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Old 01-23-2007, 12:28 PM   #7
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This kit looks pretty good and you won't have regrets about its capabilities. Sure, you could buy and assemble the parts yourself, and there's really not much to it, but there's something to be said about the convenience of getting everything from the same place, and at the same time, knowing that everything just "goes together". So if you don't mind spending a little extra money for the convenience, then I think it's a good idea. I put together a similar system, and I brew with a friend that has a much more elaborate setup, and I think the beers are quite comparable.

As for batch sparging vs fly sparging... I've never batch sparged because fly sparging is very easy. If you have three levels to set this stuff up on, it will make fly sparging ultra simple. The Phil's sparge arm works beautifully, and with the ball valve on the HLT cooler, you have complete control over the flow through the arm, and that thing sprays the water about as evenly and as gently as possible. With a little practice, you can just match the sparge flow with the outflow into your boil kettle, and voila! Pretty much hands-free sparging.

Good luck and let us know what you decide.

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Old 01-23-2007, 12:58 PM   #8
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Well, like the_bird said, he tried to convince me that it would be easier to build my own, but I just went ahead and bought my MLT. Like bird said, though, if you're going to batch sparge, you don't need the Lauter tun. And they encouraged me to get the 10 gallon, not the 5 gallon. You can get by with the 5 gallon, but the 10 gallon gives you the ability to make bigger beers and/or more beer. I don't think I'll ever do 10 gallon batches, but I can if I want to!. So, I bought just the one 10 gallon cooler set up, and I think it was around $114 or so.

It's true that you could build it for 1/2 the price, but you actually have to DO it. I knew that would never happen at my house, so I just bought it. Then, a week later, I bought an aeration system. It really never ends.......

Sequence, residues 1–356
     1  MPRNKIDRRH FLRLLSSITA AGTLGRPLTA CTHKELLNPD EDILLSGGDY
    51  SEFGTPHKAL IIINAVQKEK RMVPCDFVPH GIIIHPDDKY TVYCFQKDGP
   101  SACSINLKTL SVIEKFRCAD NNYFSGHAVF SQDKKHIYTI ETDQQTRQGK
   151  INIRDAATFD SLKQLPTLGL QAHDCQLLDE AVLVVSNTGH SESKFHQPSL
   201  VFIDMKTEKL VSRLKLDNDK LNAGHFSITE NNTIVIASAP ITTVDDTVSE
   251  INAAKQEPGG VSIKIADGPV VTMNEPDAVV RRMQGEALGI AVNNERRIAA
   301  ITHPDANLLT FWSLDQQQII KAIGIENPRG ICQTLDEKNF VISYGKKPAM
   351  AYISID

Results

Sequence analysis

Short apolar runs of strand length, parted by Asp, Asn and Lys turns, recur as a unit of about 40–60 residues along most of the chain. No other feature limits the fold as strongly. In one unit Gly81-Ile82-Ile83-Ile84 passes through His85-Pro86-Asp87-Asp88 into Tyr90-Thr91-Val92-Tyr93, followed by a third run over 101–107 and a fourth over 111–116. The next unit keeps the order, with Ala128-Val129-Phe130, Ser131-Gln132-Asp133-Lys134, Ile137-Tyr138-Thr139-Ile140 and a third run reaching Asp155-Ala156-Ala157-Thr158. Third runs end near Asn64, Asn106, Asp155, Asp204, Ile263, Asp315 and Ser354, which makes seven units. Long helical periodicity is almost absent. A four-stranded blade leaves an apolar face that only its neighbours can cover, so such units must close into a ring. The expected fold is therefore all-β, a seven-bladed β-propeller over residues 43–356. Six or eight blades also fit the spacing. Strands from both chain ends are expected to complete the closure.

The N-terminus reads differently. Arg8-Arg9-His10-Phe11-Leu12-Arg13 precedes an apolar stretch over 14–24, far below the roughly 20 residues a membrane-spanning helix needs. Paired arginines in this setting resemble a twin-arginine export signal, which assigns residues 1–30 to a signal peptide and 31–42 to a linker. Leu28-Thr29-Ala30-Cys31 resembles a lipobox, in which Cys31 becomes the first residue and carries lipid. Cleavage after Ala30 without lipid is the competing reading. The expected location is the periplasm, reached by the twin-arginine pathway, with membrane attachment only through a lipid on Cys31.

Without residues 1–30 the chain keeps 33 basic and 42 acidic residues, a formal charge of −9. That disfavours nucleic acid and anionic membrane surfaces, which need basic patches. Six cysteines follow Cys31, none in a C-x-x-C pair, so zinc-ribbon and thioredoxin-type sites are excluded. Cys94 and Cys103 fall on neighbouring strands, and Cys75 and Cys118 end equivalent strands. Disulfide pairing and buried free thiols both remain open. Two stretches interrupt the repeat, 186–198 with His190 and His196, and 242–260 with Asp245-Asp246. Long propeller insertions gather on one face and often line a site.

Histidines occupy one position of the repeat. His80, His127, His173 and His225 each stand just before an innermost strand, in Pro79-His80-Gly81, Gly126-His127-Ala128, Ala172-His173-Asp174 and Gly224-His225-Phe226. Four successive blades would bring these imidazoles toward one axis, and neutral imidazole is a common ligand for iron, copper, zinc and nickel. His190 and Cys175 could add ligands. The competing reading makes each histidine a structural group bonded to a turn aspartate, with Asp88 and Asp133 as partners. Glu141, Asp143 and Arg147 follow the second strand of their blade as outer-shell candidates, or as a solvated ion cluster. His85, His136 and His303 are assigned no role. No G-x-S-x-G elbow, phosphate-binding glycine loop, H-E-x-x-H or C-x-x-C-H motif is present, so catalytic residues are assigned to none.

Lorena

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Old 01-23-2007, 02:09 PM   #9
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I just upgraded to this kit after brewing for many years with the Williams all-grain starter kit, which is similar but consists of 7.5 gallon buckets and an insulated jacket rather than the coolers. For me it was just a matter of convenience--if it cost a little more but saved me a couple hours of my life then that is a trade off I'm willing to make at this point. Not to mention I fully expect to have this stuff twenty years from now so in the long run it is a cheap investment. i also figured i've been doing this long enough now to treat myself an equipment upgrade (I also got new ten gallon kettle with spigot,bazooka tube and thermostat )

I've only used it once but I'd strongly suggest getting a couple of stainless steel hoseclamps to secure the tube from the false bottom to the spigot. mine popped off the first time I used it when doughing in and I was not too happy about it. Be sure to get teflon tape too.

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Old 01-23-2007, 11:40 PM   #10
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If you don't want to build the system that's fine, but I did and in the ten gallon variety. Saved a bunch of money. I like fly sparging so this system suites my needs. I've done two five gallon batches using the system and the efficency was great on my second try. All I need is a fifteen gallon boil pot and I will move to larger batches. Next month I suppose.